4. Long I Pattern: I (Open Syllable)
If you have been following our phonics lessons, then you should be familiar with our next long vowel pattern. Like in the other lessons, Long I also has examples of long vowels due to an open syllable. Knowing the rule for why there is a long vowel in an open syllable is important, but usually, it is just easier to become familiar with which words follow this pattern. As a refresher, open syllables are syllables that end on a vowel, and this makes that vowel use a long vowel sound.
Important Words with “i” (Open Syllable)
Important Exceptions to “i” (Open Syllable)
Most single i’s that you will see will make a short /i/ sound. Be aware that these open syllable i’s make the Long I instead, and be ready to explain to your child these exceptions.
5. Long I Pattern: i (Followed by Two Consonants)
This is a new kind of pattern for us, where a vowel followed by two consonants makes a long vowel sound. This kind of pattern works in both Long I and Long O vowels. In these cases, we will have a single “i” that is followed by two consonants. In this configuration, we will have the “i” make a Long I sound instead of the short /i/ sound. This pattern is not consistent. It will take a lot of memorization for your child to learn which words will use a short /i/ or a Long I.
Important Words with “i” (Followed by Two Consonants)
Important Exceptions to “i” (Followed by Two Consonants)
- -ill words like still, fill, ill (all use the short /i/ sound)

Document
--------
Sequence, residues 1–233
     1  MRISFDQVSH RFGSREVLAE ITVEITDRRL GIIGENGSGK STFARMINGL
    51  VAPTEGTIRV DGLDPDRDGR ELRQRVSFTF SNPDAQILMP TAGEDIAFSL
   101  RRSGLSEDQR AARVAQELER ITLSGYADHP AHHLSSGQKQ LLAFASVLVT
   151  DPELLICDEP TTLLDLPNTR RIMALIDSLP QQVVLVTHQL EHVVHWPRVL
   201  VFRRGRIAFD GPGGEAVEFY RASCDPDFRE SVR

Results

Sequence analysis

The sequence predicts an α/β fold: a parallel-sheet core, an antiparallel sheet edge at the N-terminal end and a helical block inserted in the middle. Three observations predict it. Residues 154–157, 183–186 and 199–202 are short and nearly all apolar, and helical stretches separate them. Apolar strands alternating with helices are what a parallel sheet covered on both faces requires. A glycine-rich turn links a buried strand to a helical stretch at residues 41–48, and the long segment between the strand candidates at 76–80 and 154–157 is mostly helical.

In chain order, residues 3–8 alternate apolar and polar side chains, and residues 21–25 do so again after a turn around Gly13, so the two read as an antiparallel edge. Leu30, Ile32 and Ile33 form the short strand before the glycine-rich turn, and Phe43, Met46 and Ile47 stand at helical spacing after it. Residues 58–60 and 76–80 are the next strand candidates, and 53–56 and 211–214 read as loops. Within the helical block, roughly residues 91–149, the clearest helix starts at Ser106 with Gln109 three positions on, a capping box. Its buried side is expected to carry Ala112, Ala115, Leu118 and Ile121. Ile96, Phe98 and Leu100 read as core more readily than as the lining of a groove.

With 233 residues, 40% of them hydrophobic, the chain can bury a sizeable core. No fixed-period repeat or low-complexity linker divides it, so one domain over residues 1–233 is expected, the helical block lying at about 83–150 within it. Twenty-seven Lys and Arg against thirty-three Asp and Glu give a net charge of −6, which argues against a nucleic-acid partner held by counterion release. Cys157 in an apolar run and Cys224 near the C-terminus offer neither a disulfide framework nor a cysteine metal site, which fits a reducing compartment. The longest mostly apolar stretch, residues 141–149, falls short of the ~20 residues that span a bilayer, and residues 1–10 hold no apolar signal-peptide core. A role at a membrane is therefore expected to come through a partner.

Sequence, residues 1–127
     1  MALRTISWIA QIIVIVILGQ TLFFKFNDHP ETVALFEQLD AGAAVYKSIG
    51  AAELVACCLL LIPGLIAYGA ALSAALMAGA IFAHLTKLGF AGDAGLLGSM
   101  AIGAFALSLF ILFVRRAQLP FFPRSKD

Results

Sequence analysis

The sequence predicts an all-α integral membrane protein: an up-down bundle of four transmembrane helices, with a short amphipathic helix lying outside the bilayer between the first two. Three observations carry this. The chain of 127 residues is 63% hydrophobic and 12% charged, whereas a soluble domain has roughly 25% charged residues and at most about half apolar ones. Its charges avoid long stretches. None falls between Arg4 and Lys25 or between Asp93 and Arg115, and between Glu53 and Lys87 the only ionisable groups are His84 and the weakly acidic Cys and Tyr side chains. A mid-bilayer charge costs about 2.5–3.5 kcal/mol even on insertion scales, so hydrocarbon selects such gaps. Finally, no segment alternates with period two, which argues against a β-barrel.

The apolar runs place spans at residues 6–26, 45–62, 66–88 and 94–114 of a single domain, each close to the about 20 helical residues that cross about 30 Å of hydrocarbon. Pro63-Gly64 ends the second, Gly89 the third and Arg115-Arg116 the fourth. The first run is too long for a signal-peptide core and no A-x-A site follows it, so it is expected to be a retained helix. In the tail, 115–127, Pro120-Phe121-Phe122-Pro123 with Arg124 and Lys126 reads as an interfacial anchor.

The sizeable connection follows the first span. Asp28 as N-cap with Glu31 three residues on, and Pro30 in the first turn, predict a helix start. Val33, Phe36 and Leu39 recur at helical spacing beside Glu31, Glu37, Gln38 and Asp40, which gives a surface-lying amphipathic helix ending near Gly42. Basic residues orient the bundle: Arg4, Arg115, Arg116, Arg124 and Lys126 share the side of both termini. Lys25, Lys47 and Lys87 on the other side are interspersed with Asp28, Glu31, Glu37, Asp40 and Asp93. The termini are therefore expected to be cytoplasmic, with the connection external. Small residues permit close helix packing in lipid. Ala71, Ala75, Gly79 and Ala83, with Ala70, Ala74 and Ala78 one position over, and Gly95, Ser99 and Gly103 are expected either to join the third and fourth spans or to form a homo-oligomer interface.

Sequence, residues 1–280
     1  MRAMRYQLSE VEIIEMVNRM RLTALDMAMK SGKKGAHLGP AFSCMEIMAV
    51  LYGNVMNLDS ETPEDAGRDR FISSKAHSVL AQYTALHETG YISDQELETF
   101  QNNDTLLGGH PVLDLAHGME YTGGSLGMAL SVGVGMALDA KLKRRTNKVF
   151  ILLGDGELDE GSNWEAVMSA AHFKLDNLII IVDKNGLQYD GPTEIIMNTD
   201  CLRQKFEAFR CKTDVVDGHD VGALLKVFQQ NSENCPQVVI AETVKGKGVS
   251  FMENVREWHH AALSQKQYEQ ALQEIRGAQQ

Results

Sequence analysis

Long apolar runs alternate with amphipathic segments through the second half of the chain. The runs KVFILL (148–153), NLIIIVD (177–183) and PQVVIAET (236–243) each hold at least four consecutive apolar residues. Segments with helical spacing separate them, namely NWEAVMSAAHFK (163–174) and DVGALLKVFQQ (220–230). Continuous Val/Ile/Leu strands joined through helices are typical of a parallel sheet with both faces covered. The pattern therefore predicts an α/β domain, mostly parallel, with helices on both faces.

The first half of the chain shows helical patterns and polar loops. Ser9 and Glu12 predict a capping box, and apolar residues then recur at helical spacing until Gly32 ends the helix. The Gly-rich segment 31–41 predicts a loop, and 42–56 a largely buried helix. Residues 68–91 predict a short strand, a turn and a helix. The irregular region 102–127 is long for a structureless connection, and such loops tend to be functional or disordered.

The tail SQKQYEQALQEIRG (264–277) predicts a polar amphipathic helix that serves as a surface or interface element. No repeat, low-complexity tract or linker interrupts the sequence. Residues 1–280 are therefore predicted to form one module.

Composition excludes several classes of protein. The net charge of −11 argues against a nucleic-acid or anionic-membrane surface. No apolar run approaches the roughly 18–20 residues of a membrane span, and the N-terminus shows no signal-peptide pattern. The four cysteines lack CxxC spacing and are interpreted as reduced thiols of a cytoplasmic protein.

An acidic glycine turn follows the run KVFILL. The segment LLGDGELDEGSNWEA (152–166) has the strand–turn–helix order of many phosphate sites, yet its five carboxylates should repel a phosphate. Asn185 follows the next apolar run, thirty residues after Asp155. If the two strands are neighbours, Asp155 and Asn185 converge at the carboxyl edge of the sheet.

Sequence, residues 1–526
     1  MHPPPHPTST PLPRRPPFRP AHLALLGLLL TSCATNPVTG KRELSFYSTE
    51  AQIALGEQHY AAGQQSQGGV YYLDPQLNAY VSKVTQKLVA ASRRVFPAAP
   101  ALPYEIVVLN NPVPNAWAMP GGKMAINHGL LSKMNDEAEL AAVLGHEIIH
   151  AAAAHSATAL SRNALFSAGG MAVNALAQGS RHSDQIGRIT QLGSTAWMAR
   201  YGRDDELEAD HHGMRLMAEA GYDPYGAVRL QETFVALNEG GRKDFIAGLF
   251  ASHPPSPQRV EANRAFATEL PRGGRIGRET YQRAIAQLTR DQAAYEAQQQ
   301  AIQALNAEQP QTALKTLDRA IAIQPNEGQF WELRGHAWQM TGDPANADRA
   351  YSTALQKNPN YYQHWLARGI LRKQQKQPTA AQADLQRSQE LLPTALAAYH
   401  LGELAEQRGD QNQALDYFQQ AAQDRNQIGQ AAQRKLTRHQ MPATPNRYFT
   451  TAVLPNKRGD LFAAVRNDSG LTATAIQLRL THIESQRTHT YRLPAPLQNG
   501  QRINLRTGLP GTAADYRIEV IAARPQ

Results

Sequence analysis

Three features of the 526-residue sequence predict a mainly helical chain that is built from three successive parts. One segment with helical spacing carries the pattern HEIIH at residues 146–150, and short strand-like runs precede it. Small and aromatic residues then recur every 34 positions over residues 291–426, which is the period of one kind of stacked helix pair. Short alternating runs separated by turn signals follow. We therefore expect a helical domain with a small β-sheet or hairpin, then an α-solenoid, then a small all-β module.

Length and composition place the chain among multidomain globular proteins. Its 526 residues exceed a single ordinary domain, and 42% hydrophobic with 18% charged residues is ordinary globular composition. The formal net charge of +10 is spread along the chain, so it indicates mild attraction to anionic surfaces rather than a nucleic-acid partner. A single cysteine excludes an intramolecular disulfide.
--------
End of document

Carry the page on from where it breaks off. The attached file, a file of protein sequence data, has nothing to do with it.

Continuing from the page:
- Milk (short /i/)
- Gift (short /i/)
- Kick (short /i/)
- Brick (short /i/)
- Sick (short /i/)
6. Long I Pattern: ie (Long I sound)
The use of “ie” in a word is typically used when we conjugate a verb like “cry” into “cries” or “fly” into “flies.” There are only a couple of words that use “ie” as a Long I in their singular form. All of the important ones are listed below.
Important Words with “ie”
Important Exceptions to “ie”
The “ie” pattern is also seen in our Long E lesson. You can take a look there to see which “ie” words make the Long E sound.
How do I Practice Long Vowel Patterns?
Once you have gone over the patterns that use Long I, it is best to practice identifying Long I vowels by reading with your child. You can do this by reading to your child and having them try to sound out individual words, or let them read to you. It all depends on what they like, and what level of English they have. For long vowel identification, reading is the best way for children to learn the patterns and to start to become familiar with common exceptions to the rules.
While reading with your child, please make sure that you discourage them from guessing words. Also, do not try to push them to read beyond their level. By taking it slow in the beginning and properly teaching them how to read using long vowel patterns and synthetic phonics, your child will improve in the long run.
If you have questions that you would like answered, feel free to leave us a post in the comment section, or book some time with us to talk one-on-one about your concerns.